Telehealth innovation is booming as demand for virtual services skyrockets amidst a pandemic. What will happen next, and what kinds of digital health innovations may be around the corner?
In this episode of the Oliver Wyman Health Podcast, Sean Duffy, Co-Founder and CEO of the digital care company Omada Health and a member of the Oliver Wyman Health Innovation Center Leaders Alliance, joins Dan Rubenstein, Co-Founder and CEO of the musculoskeletal care company Physera, and Aditya Lingampally, Principal in Oliver Wyman's Health and Life Sciences practice, to discuss how and why Omada acquired Physera in the midst of a pandemic and how they envision their new collaboration unfolding in time. They also discuss the future of remote care and digital health services, predict the state of the future industry, and share why just providing a physician with Zoom capabilities is merely the beginning of transformations to come.
Memorable Moments From This Episode:
- Dan: "There is going to be a lot of consolidation coming in the next few years as healthcare catches up with the capabilities. If you look at where technology is and what we’re able to do in with technology across different industries, healthcare is years, if not decades, behind where it should be. A crisis like COVID-19 has really exacerbated the adoption of better ways of doing healthcare."
- Sean: "The market thesis that led us to this expansion [with Physera] is it's really hard if you're an employer or plan to have a contract across every single area. And then, over in the aggregation world, it's hard to piece together disparate offerings, to create actual rhyme and reason to why the sum of the parts is more than them individually. So, we aim with the thesis behind this to do both."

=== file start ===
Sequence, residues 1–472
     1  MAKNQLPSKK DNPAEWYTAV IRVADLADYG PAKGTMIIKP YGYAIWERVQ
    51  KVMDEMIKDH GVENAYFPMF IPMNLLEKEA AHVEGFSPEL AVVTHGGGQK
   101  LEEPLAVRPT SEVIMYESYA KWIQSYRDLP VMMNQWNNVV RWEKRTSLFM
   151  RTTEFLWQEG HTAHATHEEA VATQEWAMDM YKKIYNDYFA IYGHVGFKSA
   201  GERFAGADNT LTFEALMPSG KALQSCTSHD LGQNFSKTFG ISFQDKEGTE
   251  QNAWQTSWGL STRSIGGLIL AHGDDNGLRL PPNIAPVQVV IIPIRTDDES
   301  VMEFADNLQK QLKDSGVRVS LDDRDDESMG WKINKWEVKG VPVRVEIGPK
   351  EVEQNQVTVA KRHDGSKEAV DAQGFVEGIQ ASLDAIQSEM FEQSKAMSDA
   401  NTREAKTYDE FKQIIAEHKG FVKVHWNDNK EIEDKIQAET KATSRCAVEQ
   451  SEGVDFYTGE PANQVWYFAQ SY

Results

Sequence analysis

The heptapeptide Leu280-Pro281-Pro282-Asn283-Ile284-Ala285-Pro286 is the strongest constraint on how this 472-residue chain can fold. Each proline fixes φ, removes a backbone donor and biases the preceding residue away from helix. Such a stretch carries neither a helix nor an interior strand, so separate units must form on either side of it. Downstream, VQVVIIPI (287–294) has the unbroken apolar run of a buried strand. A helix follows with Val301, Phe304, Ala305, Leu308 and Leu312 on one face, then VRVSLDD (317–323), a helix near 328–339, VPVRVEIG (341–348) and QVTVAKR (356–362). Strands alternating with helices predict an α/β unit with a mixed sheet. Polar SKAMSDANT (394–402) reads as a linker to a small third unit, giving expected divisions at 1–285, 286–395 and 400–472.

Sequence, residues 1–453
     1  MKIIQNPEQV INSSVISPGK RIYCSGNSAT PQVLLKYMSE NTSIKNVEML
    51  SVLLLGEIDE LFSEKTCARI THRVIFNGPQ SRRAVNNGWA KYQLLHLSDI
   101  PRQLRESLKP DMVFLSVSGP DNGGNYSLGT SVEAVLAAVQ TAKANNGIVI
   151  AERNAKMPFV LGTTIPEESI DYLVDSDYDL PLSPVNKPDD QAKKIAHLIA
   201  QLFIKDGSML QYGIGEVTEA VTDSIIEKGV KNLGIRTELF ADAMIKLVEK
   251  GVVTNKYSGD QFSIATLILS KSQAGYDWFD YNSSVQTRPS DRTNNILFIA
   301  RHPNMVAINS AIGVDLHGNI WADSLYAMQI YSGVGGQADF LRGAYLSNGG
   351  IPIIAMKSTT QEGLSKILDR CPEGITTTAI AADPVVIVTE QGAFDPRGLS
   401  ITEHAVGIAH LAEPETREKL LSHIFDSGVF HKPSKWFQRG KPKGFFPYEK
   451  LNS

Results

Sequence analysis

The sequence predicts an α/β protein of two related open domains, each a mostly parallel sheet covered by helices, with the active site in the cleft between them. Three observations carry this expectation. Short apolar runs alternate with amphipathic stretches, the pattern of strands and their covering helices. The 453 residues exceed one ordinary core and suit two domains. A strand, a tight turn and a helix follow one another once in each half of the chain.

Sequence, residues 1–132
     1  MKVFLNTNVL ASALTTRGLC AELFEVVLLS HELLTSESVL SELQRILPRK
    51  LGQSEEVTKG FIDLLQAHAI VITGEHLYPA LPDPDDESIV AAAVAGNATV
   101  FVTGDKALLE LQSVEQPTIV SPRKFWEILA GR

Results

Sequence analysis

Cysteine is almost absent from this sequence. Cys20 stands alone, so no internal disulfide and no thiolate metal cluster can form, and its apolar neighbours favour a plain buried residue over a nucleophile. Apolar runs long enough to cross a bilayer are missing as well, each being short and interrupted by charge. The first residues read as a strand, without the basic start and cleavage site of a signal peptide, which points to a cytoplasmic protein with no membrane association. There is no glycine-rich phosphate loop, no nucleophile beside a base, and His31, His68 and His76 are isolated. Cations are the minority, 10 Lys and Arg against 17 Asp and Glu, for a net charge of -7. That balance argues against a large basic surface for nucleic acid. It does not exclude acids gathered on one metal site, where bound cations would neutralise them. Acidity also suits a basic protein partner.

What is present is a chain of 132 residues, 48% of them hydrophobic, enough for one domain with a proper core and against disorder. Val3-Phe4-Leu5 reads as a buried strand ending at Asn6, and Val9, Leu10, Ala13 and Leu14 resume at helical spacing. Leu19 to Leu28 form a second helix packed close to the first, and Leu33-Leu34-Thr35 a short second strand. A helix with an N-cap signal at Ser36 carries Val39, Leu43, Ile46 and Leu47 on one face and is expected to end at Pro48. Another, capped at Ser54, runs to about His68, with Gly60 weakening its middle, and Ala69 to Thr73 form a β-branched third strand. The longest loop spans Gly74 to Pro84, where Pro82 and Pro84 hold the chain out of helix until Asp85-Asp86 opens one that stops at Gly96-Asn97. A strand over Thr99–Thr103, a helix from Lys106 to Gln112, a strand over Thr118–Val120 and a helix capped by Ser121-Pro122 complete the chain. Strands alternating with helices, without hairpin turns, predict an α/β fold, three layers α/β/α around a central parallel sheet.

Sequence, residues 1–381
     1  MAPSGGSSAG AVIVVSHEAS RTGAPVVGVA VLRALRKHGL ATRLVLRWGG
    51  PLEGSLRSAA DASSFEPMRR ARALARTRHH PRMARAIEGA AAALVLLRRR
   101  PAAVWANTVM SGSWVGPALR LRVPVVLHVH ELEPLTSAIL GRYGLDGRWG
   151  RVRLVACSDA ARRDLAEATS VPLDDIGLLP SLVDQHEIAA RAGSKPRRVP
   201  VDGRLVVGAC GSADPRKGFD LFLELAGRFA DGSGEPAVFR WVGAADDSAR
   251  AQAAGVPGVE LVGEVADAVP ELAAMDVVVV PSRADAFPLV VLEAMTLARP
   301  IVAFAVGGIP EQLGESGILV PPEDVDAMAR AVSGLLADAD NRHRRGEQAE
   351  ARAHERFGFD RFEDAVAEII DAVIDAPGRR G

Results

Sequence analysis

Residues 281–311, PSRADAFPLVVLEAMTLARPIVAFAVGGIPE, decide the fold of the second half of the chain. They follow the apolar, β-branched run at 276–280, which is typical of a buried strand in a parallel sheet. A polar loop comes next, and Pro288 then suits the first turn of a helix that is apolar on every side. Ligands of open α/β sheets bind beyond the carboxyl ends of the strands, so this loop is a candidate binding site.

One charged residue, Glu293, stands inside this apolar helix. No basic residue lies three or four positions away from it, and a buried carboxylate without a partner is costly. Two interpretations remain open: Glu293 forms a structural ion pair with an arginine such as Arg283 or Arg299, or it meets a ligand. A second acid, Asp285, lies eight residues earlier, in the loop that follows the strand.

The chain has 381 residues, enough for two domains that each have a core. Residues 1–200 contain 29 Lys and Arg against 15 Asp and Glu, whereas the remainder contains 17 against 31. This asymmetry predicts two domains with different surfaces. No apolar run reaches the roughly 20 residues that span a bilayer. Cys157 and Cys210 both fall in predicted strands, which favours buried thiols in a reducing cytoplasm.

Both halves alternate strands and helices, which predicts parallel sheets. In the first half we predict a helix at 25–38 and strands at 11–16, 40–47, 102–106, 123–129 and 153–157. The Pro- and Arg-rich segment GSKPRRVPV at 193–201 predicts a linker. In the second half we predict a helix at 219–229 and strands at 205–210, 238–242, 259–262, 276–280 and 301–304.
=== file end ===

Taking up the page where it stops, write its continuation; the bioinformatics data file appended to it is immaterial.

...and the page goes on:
- Dan: "I was seeing vendor fatigue from payers and employers. They were tired of being approached by multiple point solutions. The future is having companies offer a wide portfolio of solutions under a single contract. I think that will provide efficiencies in the marketplace in terms of sales and contracting. A lot of customers are interested in having resources across their portfolio."
- Sean: "So many critical issues the country is grappling with could be addressed from afar. Ahead of COVID-19, I thought it was a ten- or fifteen-year journey to get there, and it's now being pulled in quickly."
- Dan: "I think in the next five to ten years, there will be some sort of movement to a more basic universal. healthcare coverage in this country. I'm not saying that private insurance won't have a place. It might be in supplementary insurance. If that happens, that would be very meaningful. It will allow a lot of innovation. It will allow us to address the basic healthcare needs people have, and then we can develop more specialized solutions and care pathways for those that need them."